A reference genome (also known as a reference assembly) is a digital nucleic acid sequence database, assembled by scientists as a representative example of a species' set of genes. As they are often assembled from the sequencing of DNA from a number of donors, reference genomes do not accurately represent the set of genes of any single person. Instead a reference provides a haploid mosaic of different DNA sequences from each donor. For example, GRCh37, the Genome Reference Consortium human genome (build 37) is derived from thirteen anonymous volunteers from Buffalo, New York. The ABO blood group system differs among humans, but the human reference genome contains only an O allele (although the other alleles are annotated).
As the cost of DNA sequencing falls, and new full genome sequencing technologies emerge, more genome sequences continue to be generated. Reference genomes are typically used as a guide on which new genomes are built, enabling them to be assembled much more quickly and cheaply than the initial Human Genome Project. Most individuals with their entire genome sequenced, such as James D. Watson, had their genome assembled in this manner. For much of a genome, the reference provides a good approximation of the DNA of any single individual. But in regions with high allelic diversity, such as the major histocompatibility complex in humans and the major urinary proteins of mice, the reference genome may differ significantly from other individuals. Comparison between the reference (build 36) and Watson's genome revealed 3.3 million single nucleotide polymorphism differences, while about 1.4 percent of his DNA could not be matched to the reference genome at all. For regions where there is known to be large scale variation, sets of alternate loci are assembled alongside the reference locus.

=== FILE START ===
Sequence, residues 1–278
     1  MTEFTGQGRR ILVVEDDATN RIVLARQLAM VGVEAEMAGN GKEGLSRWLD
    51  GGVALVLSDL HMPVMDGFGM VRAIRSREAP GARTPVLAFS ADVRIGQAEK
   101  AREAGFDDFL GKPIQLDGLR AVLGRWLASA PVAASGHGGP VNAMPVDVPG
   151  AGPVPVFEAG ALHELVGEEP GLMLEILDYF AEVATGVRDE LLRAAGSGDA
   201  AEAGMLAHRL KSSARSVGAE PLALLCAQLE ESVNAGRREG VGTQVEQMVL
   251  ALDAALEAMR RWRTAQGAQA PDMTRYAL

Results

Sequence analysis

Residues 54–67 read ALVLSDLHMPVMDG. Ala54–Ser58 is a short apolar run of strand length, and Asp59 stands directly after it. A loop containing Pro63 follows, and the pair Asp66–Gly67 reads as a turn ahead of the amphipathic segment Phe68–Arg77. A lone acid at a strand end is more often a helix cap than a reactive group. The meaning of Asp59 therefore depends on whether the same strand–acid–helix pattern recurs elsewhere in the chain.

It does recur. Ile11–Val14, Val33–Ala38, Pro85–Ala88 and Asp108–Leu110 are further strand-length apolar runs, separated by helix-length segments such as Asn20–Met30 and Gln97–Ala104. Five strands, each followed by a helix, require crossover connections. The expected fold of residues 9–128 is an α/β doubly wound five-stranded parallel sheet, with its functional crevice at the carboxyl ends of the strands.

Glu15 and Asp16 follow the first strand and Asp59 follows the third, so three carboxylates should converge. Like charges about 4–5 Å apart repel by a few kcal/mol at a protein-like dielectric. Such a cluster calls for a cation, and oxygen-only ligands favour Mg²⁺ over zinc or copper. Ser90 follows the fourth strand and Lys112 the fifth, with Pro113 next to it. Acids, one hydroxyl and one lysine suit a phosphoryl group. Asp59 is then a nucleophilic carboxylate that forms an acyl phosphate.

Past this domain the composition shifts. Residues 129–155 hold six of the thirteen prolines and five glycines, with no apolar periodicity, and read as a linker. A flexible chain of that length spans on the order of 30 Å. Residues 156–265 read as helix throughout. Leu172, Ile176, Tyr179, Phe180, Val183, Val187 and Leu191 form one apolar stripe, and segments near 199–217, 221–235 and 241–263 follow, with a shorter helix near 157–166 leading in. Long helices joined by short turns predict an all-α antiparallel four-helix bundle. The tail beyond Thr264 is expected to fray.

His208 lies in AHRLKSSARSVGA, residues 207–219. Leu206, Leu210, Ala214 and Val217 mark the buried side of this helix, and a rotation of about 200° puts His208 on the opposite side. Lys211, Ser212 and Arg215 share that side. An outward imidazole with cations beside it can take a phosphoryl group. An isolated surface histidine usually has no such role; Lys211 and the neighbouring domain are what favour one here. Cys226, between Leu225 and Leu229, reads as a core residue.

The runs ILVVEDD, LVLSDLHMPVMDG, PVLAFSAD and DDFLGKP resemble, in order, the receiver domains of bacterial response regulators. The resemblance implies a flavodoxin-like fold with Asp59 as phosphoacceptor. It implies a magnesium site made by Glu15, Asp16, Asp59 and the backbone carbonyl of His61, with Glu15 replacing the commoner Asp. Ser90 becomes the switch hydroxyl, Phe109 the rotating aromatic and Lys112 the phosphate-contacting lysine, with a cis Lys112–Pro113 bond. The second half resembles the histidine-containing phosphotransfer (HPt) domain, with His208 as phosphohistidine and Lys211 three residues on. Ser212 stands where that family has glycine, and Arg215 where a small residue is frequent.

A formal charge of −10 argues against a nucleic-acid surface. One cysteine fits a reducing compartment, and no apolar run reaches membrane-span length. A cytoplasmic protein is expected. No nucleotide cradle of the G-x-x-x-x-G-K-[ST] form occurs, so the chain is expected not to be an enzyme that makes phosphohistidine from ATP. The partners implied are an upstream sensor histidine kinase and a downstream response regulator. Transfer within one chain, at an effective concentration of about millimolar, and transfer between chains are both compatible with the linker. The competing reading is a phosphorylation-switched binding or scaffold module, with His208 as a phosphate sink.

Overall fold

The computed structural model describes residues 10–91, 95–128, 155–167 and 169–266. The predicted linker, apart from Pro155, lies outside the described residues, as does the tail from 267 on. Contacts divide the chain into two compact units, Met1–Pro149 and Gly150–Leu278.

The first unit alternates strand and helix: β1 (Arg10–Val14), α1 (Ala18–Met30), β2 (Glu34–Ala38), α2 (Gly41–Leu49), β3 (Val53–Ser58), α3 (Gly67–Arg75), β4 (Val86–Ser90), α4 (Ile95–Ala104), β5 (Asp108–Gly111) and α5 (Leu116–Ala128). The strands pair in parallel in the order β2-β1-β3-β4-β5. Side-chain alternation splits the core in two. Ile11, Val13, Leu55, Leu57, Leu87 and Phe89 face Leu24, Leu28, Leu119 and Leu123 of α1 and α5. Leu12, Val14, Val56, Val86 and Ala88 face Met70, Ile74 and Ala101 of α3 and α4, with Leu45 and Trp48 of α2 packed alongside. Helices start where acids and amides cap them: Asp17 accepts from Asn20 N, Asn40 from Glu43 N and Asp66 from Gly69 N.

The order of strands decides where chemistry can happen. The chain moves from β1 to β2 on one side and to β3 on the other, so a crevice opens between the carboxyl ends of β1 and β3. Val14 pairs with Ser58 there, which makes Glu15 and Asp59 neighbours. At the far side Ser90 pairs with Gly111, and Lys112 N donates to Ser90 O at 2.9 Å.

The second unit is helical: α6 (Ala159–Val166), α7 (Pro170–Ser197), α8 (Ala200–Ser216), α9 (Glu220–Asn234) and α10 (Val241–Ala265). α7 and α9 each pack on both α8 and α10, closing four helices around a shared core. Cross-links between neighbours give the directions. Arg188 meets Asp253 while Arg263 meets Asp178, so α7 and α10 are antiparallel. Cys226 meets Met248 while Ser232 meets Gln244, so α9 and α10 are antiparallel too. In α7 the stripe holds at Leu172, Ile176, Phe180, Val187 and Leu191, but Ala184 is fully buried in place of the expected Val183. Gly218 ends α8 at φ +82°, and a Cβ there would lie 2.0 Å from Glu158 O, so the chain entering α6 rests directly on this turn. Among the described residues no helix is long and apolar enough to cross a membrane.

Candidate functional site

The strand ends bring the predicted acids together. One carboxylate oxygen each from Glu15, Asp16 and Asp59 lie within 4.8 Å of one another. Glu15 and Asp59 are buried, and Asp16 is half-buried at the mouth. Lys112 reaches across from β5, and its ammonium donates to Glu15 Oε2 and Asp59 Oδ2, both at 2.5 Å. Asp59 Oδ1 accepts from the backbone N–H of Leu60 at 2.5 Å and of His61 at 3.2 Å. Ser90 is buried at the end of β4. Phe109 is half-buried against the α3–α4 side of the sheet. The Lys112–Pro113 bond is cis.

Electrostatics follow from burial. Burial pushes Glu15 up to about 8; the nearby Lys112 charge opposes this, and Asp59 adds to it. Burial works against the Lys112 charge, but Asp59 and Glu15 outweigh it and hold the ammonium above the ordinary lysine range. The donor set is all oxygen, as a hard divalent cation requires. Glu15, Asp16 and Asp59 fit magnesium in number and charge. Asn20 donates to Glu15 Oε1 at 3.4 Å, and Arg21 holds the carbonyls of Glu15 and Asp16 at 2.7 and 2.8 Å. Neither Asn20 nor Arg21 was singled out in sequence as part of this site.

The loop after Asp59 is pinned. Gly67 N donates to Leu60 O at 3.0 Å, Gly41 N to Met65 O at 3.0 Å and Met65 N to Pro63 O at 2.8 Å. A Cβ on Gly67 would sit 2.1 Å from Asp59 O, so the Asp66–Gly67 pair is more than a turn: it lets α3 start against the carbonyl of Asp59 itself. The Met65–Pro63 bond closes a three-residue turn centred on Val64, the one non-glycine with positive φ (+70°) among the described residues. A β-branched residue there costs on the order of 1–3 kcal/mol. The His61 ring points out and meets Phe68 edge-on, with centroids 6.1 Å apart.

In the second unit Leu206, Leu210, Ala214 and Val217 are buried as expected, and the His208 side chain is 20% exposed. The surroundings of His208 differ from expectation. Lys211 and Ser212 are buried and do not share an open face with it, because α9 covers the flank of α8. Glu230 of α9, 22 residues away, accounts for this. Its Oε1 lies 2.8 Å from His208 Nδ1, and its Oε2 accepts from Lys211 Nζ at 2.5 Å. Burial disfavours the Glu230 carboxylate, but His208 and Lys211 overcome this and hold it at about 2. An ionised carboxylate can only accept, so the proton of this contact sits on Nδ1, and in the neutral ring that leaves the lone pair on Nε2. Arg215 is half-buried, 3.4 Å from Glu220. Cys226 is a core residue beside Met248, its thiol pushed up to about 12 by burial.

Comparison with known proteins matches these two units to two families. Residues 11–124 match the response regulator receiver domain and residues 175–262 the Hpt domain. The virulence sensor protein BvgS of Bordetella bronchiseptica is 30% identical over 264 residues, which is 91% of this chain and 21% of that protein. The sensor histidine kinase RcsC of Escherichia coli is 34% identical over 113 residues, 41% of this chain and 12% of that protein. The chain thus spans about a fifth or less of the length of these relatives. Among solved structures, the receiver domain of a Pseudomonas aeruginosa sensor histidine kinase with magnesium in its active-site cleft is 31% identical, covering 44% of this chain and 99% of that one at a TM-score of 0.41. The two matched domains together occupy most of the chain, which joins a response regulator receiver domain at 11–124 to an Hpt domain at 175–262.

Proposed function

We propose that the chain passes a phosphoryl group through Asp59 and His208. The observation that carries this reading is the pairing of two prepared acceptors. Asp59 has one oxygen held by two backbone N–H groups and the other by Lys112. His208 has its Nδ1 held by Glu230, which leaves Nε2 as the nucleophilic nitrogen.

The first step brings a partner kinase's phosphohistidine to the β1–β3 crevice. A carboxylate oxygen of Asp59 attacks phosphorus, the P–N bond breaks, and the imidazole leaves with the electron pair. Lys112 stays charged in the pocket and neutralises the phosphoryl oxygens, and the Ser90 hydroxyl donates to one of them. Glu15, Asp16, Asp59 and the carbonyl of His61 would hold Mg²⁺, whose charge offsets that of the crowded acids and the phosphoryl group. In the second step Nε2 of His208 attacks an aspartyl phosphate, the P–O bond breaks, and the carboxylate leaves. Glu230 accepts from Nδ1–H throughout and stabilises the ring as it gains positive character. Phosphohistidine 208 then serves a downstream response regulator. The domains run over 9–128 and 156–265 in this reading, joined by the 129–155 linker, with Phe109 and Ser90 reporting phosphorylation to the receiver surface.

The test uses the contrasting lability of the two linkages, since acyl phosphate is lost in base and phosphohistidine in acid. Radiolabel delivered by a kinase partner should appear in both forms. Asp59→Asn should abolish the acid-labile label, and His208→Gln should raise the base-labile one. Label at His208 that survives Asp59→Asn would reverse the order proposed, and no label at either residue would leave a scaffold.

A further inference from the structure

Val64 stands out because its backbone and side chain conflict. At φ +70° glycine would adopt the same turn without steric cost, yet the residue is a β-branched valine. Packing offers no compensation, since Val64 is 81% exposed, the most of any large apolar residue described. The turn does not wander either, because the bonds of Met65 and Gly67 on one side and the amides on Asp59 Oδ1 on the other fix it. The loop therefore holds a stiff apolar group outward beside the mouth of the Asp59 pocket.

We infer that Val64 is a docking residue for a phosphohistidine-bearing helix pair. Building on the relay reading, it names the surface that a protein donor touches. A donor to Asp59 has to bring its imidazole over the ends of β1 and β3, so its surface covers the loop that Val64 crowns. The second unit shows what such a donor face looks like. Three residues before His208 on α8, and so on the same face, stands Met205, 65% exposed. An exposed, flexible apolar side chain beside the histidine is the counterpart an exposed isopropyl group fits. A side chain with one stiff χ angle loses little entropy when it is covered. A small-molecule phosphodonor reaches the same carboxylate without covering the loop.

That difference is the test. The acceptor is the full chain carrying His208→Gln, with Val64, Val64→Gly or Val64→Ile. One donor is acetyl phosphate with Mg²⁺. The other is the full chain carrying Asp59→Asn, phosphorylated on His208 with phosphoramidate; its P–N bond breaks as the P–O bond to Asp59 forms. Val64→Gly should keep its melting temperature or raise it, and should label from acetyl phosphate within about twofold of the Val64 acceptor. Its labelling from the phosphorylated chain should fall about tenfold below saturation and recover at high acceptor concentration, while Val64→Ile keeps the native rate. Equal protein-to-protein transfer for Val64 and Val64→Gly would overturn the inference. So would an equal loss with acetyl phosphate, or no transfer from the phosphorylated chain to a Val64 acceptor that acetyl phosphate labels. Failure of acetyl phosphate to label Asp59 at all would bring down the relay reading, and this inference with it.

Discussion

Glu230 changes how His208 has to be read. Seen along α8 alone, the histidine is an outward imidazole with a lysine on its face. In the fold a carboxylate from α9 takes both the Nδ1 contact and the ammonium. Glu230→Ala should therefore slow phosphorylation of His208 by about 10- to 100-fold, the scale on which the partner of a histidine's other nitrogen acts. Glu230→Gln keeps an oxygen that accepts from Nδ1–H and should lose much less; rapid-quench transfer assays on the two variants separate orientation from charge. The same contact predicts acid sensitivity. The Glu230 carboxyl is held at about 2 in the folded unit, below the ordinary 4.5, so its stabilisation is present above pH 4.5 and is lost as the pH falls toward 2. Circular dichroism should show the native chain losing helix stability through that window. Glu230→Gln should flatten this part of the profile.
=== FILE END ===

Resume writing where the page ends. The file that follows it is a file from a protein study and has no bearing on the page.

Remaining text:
The human and mouse reference genomes are maintained and improved by the Genome Reference Consortium (GRC), a group of fewer than 20 scientists from a number of genome research institutes, including the European Bioinformatics Institute, the National Center for Biotechnology Information, the Sanger Institute and McDonnell Genome Institute at Washington University in St. Louis. GRC continues to improve reference genomes by building new alignments that contain fewer gaps, and fixing misrepresentations in the sequence.
The previous human reference genome (GRCh37) was the nineteenth version. This build contained around 250 gaps, whereas the first version had ~150,000 gaps.
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- Donors were recruited by advertisement in The Buffalo News, on Sunday, March 23, 1997. The first ten male and ten female volunteers were invited to make an appointment with the project's genetic counselors and donate blood from which DNA was extracted. As a result of how the DNA samples were processed, about 80 percent of the reference genome came from eight people and one male, designated RP11, accounts for 66 percent of the total.
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